The flight was great.  I slept about 5 hours and watched several movies for the remainder. One problem though - I was thinking about a beer and sushi in Tokyo the entire flight. We landed shortly after 5 am and I had to wait until 6am for the restaurants to open.  The crazy part is that I chose spicy shrimp ramen over sushi when I had been dreaming about sushi for days!



Now I am waiting for my flight to Hanoi where I meet Heather and our real vacation can begin.  I can't wait.  I also need to start using talk to text to record more detail for this blog.  Practice makes perfect and right now I just want to post enough to make my memories grow when I read these posts in the future.

Oh yeah - one last thing - please don't squat on the toilet seat.  As an American this might seem obvious but most of the developing world still uses squat toilets.  As a good friend of mine suggests, there is a coffee table book to be written about the toilets of the world.



Day 2 - LAX to HND

Actually Day 3 since I lost Day 2 when I crossed the International Date Line but I will keep this blog to my person days.

Wow!  What a huge difference in airline service!  As I mentioned in my last post, the flight attendants were rude and bossy.  My experience with ANA was the exact opposite. I flew to LAX without boarding passes for my next two flights because of the airline change and when I was greeted st the counter, I was expecting the typical American service. I was wrong!  I was greeted by a Japanese team that flawlessly and fluidly switched back and forth between English and Japanese that I wasn't sure which language was their first language.  The desk attendant then looked at me and my original assigned seat and just got on the phone without any prompting from me.  She was getting me an upgrade to more leg room. I am in her debt as possibly the largest person on the flight (99% of the passengers where likely Japanese) and she recognized that I wouldn't have been comfortable in my original seat.  A 12 hour flight isn't comfortable no matter what and the additional leg room was greatly appreciated.




The flight was great.  I slept about 5 hours and watched several movies for the remainder. One problem though - I was thinking about a beer and sushi in Tokyo the entire flight. We landed shortly after 5 am and I had to wait until 6am for the restaurants to open.  The crazy part is that I chose spicy shrimp ramen over sushi when I had been dreaming about sushi for days!



Now I am waiting for my flight to Hanoi where I meet Heather and our real vacation can begin.  I can't wait.  I also need to start using talk to text to record more detail for this blog.  Practice makes perfect and right now I just want to post enough to make my memories grow when I read these posts in the future.

Oh yeah - one last thing - please don't squat on the toilet seat.  As an American this might seem obvious but most of the developing world still uses squat toilets.  As a good friend of mine suggests, there is a coffee table book to be written about the toilets of the world.



Wednesday, November 16, 2016

Day 1 - DIA to LAX

Wow - what a day!  The day started with goodbyes as I dropped the youngest off at his foster house and watched the older two head to school on their own.  Goodbyes were easy although my oldest did tell me not to die.  He qualified this by telling me not to pick up any snakes and I responded that I will only catch the ones I can positively identify.  I don't handle venomous snakes anymore so shouldn't have any close calls to report on this trip. That reminds me that I need to pick up some cheap safety glasses just in case I run across a spitting cobra.  I had lots of chores to do before I could head to the airport including getting the oil changed in the car so my sister-in-law doesn't have anything to worry about when she picks up our car at the airport Friday on her way to watch the boys next week.  She was gracious enough to abandon her family over thanksgiving and fly to Denver from Atlanta to watch the boys so that Heather and I can have a kid free vacation. I don't always appreciate family but I most certainly do right now as I sit waiting for my flight to start my trip.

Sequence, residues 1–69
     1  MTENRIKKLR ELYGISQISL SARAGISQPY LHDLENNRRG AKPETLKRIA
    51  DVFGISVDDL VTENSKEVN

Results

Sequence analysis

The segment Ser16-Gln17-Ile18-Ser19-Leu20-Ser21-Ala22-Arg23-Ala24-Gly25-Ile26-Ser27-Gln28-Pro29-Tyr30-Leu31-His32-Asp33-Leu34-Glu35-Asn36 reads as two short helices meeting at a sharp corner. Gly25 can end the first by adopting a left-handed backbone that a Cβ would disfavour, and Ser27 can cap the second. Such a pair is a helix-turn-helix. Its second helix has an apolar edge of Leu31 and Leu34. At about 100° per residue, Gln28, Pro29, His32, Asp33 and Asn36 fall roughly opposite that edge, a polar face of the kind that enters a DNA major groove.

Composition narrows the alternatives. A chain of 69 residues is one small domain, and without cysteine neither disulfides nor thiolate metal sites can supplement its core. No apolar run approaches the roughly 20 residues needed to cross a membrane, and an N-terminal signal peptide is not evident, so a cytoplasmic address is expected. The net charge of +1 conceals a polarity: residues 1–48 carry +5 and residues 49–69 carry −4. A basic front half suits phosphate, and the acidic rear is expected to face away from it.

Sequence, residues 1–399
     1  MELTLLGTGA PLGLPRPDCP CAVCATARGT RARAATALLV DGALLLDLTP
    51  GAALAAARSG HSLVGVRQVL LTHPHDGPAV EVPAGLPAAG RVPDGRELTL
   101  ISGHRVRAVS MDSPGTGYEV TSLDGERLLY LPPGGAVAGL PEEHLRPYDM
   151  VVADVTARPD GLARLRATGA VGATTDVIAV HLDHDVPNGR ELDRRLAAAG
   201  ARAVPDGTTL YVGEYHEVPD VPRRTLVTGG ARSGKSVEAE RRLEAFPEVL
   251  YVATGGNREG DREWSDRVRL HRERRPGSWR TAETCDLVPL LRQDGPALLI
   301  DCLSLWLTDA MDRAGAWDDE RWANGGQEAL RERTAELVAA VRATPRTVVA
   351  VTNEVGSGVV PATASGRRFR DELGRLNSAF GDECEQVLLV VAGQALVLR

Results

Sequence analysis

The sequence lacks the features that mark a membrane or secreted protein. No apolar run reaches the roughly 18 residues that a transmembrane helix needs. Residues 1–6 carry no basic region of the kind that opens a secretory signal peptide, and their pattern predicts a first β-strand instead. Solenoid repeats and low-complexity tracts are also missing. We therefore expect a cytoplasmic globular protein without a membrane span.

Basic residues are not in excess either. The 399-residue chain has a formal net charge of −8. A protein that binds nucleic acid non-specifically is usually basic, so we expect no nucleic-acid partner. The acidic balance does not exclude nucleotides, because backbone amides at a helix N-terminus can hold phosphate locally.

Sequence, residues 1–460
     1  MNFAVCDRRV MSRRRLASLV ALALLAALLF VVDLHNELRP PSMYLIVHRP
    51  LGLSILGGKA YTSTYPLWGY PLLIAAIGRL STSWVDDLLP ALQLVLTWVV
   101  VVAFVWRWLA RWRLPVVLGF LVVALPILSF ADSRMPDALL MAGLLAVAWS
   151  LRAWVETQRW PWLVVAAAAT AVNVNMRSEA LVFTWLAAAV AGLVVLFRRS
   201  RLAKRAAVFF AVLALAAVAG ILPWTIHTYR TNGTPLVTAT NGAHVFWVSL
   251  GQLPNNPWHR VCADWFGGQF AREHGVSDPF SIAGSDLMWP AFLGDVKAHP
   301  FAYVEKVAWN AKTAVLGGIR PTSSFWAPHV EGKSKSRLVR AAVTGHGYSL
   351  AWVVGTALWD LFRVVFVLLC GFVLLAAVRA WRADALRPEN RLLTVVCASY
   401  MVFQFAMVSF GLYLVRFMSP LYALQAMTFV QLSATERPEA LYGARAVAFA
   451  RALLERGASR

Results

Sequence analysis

Run Streak Day 16
In addition to my chores, I kept my run streak alive with a short 2 mile jog.  I really wasn't in the mood to run but I am glad I did because it made the decision to have a beer at the airport easier.  I also actually worked today when I joined a conference call about how pipeline construction may affect reptiles and amphibians and in particular, hoe blasting may affect snakes.  Immediately after that call, I headed to the airport!

Security was a breeze partly because they were running a bomb dog before the luggage screening part.  We got to leave our shoes on, laptops and liquids in our bags, and there really weren't that many people in line. That meant I had time for a beer and to start this blog post.  😃👍


Post flight - what a shitty flight!  Why are planes so freaking hot?  Oh yeah, we cram several hundred heat generating human bodies into a metal tube. We also had a flight attendant that used a confrontational tone with everyone trying to find space for their carry on. I would have thought that her training would include ways to say, "don't open any overhead bin if it is already closed" in a polite manner. Not this woman - she was militant about it.

Los Angeles International Airport is a freaking disaster. I can't explain why but it really is confusing to me. I didn't mind the long walks between terminals but there are no Departure Boards so finding my gate for my next flight wasn't very fun. I did walk 5000 steps though for those that count steps.

Ghost Selfie